Advice to Elizabeth

450 years ago this month, the young Elizabeth became queen of England. Norman Jones looks at evidence from the state papers, newly available online from Cengage, to show how those close to her viewed the challenges faced in the early days by Elizabethan England.

Mary Tudor (r.1553-58), the last Catholic monarch of England, died early on the morning of November 17th, 1558, at St James’s Palace in London. Several miles away at Hatfield House in Hertfordshire, her half-sister Elizabeth was expecting word of Mary’s death but she could not be sure of her passing until her own servant brought her the ring Philip II had given his wife, removed from the late queen’s finger.

As soon as Elizabeth was certain that she had inherited the kingdom, a carefully prepared succession plan swept into action.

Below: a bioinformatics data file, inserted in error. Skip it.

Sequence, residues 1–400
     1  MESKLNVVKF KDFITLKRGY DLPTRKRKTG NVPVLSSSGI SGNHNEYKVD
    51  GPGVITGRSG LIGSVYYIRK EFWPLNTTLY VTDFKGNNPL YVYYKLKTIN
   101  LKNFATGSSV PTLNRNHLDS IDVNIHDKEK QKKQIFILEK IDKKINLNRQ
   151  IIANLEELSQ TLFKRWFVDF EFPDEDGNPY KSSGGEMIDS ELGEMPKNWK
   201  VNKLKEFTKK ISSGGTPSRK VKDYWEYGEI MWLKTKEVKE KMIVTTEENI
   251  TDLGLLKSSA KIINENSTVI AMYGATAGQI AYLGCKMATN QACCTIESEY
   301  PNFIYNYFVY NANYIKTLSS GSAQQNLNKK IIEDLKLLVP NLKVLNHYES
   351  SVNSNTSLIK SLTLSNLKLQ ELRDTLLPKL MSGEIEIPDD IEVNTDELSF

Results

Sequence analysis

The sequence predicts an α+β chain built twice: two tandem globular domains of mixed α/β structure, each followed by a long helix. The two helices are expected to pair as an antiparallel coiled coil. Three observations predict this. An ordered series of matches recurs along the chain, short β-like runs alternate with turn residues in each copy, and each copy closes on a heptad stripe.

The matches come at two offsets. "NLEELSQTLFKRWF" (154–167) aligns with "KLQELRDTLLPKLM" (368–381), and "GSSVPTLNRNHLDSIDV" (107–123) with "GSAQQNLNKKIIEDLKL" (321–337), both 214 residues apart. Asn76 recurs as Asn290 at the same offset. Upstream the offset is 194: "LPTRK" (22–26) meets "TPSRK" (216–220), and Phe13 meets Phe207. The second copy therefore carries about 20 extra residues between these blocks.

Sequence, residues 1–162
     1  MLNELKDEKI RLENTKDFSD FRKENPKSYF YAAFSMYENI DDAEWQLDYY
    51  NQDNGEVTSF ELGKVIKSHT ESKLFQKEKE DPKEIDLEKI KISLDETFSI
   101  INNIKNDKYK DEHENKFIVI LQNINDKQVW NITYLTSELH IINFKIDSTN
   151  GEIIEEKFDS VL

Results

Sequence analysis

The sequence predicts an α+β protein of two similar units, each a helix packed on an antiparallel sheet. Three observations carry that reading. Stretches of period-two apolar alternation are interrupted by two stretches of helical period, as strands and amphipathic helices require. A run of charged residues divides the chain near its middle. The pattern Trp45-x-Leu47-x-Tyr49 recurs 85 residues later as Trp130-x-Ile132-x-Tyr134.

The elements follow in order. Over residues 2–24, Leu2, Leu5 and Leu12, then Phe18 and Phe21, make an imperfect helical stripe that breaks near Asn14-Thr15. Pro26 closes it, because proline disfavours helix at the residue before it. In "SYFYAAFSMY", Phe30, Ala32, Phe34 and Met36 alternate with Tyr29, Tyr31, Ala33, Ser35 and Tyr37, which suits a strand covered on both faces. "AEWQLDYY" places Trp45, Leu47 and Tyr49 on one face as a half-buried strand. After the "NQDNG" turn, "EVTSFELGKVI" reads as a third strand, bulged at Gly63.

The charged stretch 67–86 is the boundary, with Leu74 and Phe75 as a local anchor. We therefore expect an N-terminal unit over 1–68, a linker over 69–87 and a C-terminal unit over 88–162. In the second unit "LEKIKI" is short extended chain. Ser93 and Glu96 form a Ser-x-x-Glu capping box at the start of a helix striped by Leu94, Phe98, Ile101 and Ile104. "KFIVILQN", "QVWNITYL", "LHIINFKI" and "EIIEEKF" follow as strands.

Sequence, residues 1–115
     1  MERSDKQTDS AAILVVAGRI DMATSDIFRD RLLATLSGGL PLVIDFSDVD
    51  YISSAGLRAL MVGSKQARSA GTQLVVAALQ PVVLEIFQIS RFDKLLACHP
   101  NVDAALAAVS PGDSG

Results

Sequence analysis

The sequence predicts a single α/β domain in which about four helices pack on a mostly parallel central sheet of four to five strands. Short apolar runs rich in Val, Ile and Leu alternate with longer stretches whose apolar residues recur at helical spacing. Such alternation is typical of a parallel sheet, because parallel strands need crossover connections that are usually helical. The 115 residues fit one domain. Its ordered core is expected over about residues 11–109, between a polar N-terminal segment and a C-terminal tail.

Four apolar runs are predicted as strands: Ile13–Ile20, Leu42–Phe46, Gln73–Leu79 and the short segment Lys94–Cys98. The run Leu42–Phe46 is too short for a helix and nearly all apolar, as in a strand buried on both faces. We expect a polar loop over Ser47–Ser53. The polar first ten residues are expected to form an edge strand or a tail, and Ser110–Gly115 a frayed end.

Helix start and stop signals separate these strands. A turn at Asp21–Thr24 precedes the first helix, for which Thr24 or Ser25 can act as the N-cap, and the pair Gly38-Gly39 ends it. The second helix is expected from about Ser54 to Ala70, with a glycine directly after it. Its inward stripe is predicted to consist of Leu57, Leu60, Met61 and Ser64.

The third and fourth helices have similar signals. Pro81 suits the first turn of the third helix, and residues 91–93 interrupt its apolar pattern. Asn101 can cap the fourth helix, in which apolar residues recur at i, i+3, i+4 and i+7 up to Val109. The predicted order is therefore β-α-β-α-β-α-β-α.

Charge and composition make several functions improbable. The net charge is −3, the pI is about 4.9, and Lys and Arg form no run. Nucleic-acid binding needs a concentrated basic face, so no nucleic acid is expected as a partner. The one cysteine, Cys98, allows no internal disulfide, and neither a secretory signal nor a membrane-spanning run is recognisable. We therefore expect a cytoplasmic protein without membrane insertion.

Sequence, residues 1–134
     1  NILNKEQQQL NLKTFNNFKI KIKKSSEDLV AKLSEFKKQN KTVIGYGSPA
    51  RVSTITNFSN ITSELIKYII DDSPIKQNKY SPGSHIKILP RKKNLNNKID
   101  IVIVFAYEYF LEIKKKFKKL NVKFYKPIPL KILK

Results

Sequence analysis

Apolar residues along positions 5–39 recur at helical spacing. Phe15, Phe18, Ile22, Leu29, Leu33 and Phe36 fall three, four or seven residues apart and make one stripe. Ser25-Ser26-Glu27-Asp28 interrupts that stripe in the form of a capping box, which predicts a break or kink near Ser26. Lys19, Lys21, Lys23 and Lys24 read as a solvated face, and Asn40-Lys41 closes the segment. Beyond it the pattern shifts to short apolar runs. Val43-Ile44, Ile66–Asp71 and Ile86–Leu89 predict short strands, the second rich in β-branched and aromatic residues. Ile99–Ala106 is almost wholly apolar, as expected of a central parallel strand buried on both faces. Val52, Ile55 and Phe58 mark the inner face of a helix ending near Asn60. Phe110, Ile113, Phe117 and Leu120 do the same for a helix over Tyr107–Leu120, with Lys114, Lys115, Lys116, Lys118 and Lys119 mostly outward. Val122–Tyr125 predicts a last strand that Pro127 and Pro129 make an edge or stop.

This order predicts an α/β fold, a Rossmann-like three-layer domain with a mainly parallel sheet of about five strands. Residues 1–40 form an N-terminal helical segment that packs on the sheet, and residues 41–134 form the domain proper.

That Elizabeth would survive as queen to gain her glorious reputation required luck, a great deal of political skill and self-assured action in the first months of her reign. Conservative, imperious and frugal from the outset, Elizabeth knew who she was and what her duties were. Only twenty-five, she was sure of her God-given place as queen, of her responsibilities as the ‘handmaiden of the Lord’, and of the monarch’s prerogatives. Responsible to God for her people, she would be careful never to let them challenge her authority, even though many, seeing her as a weak woman in need of male guidance, tried.

As wife of Philip II of Spain, Mary had involved England in Spain’s conflict with France and Scotland, costing England Calais, its last French possession, in January 1558. Since the twelfth century the main Staple Port for wool, the loss of Calais seriously disrupted the export of this mainstay of the economy.

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